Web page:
Blog

Multicultural communications continue to be an important consideration for all marketing and PR professionals. At a healthcare roundtable hosted last month by Chandler Chicco Companies (CCC) and PRWeek, Julie Adrian from CCC noted “We are way past the point of simply translating patient education brochures and the like into other languages. Understanding the patient, their journey, their mindset is so crucial. You must be prepared to listen and learn.”

In my own efforts in recent years, I’ve seen that literal translation of existing English-language content is rarely effective. We need to start from the ground up to develop the right tone and messages in Spanish-language materials to break through social, emotional and cultural barriers that prevent patients from seeking help. I had the privilege of working on an award-winning Spanish-language campaign that brought many insights and learnings that have helped our team understand the critical need to bring healthcare-focused programs that are new and culturally relevant to this ever-growing community. This allowed us to deliver targeted and sensitive health messages to an often hesitant patient population.

Recently, there’s been another shift in how best to communicate with this audience. According to the U.S. Census Bureau, the population of people of Hispanic origin is approximately 53 million strong, making them the nation’s largest ethnic or racial minority. Estimates show that 25.6 million Hispanics (more than 46%) will be using smartphones by the end of this year and that U.S. Hispanics have been on the leading edge of mobile adoption.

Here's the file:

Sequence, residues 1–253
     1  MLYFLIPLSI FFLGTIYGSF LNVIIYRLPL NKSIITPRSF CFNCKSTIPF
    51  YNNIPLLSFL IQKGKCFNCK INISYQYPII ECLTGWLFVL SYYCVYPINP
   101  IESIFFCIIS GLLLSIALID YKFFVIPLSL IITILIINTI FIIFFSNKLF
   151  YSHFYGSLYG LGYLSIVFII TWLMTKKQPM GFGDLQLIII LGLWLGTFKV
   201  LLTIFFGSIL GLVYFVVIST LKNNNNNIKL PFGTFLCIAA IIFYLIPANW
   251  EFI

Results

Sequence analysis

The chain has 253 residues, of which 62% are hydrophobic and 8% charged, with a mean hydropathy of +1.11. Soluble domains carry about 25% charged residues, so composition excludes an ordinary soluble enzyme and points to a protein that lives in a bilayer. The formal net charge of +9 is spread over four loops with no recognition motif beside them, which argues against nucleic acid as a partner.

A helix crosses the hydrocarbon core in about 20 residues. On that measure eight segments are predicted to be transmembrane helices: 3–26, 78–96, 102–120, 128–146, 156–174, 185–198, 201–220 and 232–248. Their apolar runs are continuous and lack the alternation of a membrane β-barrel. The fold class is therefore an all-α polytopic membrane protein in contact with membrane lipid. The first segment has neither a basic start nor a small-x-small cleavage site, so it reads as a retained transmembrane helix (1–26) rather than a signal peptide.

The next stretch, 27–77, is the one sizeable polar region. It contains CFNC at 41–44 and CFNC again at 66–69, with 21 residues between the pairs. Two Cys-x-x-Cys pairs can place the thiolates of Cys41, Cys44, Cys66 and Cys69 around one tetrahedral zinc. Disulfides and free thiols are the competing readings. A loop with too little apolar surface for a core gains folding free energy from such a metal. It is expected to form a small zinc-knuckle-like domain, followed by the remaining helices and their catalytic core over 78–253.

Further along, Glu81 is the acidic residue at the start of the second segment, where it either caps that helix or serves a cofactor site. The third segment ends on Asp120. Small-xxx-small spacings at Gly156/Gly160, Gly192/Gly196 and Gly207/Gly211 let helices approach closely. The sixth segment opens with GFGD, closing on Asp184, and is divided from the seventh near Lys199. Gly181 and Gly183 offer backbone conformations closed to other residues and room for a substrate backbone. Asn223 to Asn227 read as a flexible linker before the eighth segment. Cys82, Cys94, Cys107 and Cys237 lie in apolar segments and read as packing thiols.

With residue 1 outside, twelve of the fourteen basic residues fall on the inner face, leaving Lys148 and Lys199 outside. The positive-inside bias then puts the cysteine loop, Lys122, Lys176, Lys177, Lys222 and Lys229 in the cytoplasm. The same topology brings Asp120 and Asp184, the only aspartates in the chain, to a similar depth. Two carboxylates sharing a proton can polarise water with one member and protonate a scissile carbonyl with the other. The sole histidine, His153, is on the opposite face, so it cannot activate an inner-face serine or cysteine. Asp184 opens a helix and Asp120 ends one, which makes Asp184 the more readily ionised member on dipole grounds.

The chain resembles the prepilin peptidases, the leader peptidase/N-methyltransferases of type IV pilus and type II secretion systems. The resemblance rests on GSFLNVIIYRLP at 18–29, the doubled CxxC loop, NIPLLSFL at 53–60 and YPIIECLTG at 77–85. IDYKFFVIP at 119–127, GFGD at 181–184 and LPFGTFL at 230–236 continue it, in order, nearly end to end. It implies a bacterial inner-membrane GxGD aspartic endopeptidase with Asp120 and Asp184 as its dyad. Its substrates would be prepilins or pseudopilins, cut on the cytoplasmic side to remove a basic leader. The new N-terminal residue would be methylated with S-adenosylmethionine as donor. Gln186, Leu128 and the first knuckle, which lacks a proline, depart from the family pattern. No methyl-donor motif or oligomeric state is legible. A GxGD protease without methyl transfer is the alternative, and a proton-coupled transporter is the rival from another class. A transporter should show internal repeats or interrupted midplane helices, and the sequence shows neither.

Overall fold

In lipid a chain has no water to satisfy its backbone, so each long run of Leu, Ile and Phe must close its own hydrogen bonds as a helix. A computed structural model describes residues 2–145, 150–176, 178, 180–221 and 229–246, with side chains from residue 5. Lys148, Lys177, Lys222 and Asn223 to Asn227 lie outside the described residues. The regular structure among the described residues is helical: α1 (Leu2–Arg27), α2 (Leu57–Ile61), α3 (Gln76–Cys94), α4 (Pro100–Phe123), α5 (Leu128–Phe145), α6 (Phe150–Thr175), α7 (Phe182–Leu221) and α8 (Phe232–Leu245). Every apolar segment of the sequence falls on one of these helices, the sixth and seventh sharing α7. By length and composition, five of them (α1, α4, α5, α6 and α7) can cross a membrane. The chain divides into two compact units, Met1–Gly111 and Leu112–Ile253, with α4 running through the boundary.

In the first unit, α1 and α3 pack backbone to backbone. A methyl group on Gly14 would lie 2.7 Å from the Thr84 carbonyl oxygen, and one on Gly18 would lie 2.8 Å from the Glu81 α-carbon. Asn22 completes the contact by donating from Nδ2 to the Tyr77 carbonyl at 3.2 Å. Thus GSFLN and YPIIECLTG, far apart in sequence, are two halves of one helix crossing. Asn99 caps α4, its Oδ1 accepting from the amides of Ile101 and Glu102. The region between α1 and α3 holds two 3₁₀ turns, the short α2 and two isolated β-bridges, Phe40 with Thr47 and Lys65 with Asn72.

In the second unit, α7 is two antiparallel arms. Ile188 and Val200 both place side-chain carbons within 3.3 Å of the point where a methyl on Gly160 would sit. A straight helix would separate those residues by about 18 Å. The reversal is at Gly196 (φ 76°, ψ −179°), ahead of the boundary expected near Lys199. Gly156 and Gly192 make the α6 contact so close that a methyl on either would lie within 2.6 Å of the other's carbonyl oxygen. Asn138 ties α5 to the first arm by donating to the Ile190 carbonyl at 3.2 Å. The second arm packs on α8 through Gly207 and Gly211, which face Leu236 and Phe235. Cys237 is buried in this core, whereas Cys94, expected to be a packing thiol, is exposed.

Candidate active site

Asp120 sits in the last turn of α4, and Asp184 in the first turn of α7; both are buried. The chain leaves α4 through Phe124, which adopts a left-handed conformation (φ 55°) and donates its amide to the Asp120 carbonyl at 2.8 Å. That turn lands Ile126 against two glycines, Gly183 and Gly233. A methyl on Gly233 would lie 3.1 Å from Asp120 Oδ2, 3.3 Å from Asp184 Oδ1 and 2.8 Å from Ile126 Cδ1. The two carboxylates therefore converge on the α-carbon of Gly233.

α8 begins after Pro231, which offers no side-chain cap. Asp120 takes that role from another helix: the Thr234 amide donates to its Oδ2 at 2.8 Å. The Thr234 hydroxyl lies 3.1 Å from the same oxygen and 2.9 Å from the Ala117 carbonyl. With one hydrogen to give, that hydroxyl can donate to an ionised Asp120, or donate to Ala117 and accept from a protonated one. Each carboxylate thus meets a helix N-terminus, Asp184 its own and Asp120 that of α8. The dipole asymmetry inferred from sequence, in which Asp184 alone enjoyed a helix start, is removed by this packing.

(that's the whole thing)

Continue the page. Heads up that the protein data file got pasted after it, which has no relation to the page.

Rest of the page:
How does that impact how we think and reach this important community? By taking the same approach we’ve used in the past but updating it for today’s social- and digital-savvy world. Customization. Personalization. And by providing truly helpful and impactful resources through a medium that will resonate with our audiences.

When we truly speak the right language, the impact can be rewarding on many levels. I’ve seen it with campaign receptivity. I’ve seen it with resource utilization. I’ve seen it with media coverage and audience reach. Most importantly — and what’s most inspiring to me — is the honest and sincere appreciation for the efforts made to speak a community’s language.

At the end of the day, assembling the right campaign has always been critical to encouraging action among the Hispanic-American community. I believe that’s the case even more in today’s digital age. We as experts in the field of healthcare communications should ensure appropriate market research and culturally relevant insights are utilized to reach consumers of various ethnicities. And we must stay abreast of trends like the adoption of social media platforms and the use of mobile devices. For some, this may mean engaging our audience on Twitter or Instagram. For others, it’s ensuring our campaigns and resources are available to patients via basic internet research.

No matter what the situation, we should always strive to speak the language of the patient.

 

Leave a Comment